‘The Hot Zone’ Review: A Historical Horror with a Relevant Warning About Ebola and Pandemics

Collider | 5/27/2019 | Allison Keene
Click For Photo: http://cdn.collider.com/wp-content/uploads/2019/05/the-hot-zone-image-11.jpg

One of the most chilling exchanges in National Geographic’s miniseries The Hot Zone, based on Richard Preston’s best-selling book of the same name, comes the midst of tracking down the cause of a 1976 outbreak of Ebola in Zaire. Dr. Wade Carter (Liam Cunningham) and CDC official Travis Rhodes (James D’Arcy) essentially follow a trailer of dead bodies leading to a clinic administering vitamins via syringe to pregnant women. The two men question one of the nuns running the clinic, who is already near death because of the then-unknown disease, about the practices there:

“How often do you change needles?”


“Once or twice a week.”

“And you … sterilize them?”

Times - Day

“We rinse them a few times a day.”

In 2019, it’s incredible to think of such a practice occurring in what should be a sterilized environment, but it’s far more frightening to think what, in 40 years, a future generation will be fully horrified by regarding our own practices and procedures.

Hot - Zone - Nights - Outbreak - Ebola

The 6-episode The Hot Zone (which will run over three consecutive nights) is primarily focused on a 1989 outbreak of what would become know as Ebola Reston, which was first discovered in monkeys in a DC-area facility and misdiagnosed as Simian Hemorrhagic Fever. Ebola Zaire, the strain that devastated African villages in 1979, was still fairly new and considered extremely rare. But thanks to the suspicions of Lieutenant Colonel Nancy Jaax (Julianna Margulis), the virus was stopped before the situation endangered millions.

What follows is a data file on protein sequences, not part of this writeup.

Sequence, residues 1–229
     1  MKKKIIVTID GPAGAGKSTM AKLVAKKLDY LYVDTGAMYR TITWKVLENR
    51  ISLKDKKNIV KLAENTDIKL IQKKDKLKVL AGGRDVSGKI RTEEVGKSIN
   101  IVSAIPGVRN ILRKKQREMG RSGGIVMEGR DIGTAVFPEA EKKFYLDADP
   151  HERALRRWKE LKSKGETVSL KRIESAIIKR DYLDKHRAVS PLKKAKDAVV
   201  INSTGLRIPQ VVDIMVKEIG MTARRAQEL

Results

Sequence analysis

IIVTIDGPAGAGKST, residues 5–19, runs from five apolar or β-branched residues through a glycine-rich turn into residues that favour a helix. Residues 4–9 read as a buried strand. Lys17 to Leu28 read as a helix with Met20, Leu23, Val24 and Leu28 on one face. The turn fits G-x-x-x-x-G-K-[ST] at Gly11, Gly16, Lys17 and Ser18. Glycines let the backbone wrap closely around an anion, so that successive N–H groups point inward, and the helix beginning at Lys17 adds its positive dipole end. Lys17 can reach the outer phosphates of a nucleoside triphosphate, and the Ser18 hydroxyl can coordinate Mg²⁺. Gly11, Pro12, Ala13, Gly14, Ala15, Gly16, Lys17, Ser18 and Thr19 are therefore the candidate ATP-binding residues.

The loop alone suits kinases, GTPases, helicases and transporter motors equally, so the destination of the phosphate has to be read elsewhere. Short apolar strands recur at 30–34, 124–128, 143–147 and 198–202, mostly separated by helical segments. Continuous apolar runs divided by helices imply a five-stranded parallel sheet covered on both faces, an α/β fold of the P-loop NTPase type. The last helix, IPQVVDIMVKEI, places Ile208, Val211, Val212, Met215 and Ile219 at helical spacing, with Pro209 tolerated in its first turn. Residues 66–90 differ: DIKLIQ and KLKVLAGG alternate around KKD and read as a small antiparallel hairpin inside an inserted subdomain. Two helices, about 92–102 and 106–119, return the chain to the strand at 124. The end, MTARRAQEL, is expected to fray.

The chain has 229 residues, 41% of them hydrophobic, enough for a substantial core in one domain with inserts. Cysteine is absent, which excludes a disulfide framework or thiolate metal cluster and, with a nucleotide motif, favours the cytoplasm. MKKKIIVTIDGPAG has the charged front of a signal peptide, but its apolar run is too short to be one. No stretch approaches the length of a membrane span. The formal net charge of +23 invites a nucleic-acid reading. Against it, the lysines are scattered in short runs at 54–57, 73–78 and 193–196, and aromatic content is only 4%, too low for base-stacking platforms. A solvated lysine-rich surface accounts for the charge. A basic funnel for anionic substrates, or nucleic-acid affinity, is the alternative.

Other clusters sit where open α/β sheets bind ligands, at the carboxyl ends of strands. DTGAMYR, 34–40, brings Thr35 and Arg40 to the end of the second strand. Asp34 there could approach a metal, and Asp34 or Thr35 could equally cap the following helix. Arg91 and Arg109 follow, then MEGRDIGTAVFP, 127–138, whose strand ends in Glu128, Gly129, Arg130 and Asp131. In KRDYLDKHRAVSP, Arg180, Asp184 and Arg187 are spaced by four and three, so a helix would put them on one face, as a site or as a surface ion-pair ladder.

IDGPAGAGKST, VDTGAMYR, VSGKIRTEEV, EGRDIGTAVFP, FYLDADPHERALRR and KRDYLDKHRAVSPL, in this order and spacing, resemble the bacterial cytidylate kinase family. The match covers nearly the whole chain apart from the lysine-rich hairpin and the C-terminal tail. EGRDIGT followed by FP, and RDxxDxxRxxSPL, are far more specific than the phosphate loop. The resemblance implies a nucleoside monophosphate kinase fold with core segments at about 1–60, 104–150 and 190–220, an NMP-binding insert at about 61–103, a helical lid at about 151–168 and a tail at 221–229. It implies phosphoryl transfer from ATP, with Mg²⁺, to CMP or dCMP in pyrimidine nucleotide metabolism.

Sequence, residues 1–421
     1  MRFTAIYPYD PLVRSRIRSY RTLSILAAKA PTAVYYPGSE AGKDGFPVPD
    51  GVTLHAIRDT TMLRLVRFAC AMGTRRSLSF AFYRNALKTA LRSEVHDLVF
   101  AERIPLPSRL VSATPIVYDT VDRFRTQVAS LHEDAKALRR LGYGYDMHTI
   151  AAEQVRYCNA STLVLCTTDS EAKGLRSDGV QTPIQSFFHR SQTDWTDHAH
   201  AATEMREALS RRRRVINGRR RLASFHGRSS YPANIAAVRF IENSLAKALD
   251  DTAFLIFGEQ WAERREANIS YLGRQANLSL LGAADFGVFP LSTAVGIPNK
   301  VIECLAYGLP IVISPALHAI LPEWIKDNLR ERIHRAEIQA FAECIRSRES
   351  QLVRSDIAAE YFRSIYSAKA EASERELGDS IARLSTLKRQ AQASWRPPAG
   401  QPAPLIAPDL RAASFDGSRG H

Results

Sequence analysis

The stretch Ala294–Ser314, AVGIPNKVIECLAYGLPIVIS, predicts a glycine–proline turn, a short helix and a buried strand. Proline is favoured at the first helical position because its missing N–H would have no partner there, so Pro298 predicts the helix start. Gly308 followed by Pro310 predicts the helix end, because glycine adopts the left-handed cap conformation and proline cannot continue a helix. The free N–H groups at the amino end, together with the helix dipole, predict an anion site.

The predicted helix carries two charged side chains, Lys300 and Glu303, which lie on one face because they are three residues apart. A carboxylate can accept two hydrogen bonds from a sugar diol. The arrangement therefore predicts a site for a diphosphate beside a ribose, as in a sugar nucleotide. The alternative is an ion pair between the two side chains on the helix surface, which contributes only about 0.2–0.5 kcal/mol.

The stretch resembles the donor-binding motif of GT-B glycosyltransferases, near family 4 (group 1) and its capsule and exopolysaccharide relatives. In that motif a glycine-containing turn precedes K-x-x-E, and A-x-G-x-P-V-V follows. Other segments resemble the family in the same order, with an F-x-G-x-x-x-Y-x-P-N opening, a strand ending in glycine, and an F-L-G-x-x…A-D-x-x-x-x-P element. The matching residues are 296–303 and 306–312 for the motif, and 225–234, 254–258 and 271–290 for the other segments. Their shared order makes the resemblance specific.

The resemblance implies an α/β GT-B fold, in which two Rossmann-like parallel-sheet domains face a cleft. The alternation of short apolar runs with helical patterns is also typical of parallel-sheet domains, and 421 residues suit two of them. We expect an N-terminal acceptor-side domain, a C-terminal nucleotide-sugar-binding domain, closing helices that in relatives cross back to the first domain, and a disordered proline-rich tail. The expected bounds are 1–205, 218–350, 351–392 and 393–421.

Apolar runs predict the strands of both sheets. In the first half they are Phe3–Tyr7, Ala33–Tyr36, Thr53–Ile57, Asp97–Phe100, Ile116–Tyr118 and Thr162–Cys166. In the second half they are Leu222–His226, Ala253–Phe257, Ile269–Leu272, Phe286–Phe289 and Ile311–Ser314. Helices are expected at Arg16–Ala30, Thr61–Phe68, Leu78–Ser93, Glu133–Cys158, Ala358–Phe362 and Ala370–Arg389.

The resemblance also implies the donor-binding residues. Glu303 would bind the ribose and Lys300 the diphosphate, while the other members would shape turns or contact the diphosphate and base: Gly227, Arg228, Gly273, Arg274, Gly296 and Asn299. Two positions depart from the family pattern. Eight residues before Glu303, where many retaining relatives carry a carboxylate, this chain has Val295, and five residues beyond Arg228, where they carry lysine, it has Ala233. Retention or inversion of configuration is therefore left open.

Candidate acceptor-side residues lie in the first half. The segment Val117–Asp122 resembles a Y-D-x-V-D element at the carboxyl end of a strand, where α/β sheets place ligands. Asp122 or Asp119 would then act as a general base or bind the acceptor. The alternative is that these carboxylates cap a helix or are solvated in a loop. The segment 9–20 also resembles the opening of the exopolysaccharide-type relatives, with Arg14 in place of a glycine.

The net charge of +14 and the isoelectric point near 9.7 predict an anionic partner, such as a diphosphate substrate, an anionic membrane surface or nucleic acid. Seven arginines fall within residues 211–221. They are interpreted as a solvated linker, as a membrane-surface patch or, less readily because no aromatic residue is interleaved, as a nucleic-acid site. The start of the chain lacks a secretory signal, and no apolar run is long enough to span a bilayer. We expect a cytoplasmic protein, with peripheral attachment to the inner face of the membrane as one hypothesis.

What The Hot Zone does very well is focus its story on science and procedure. It can be hard to balance drama and accuracy when one of the series’ most key lines is “the antibodies are in the plasma!” but the series makes it work. Protocol is at the forefront of every operation in the series — bagging and tagging, taking samples, utilizing syringes...
(Excerpt) Read more at: Collider
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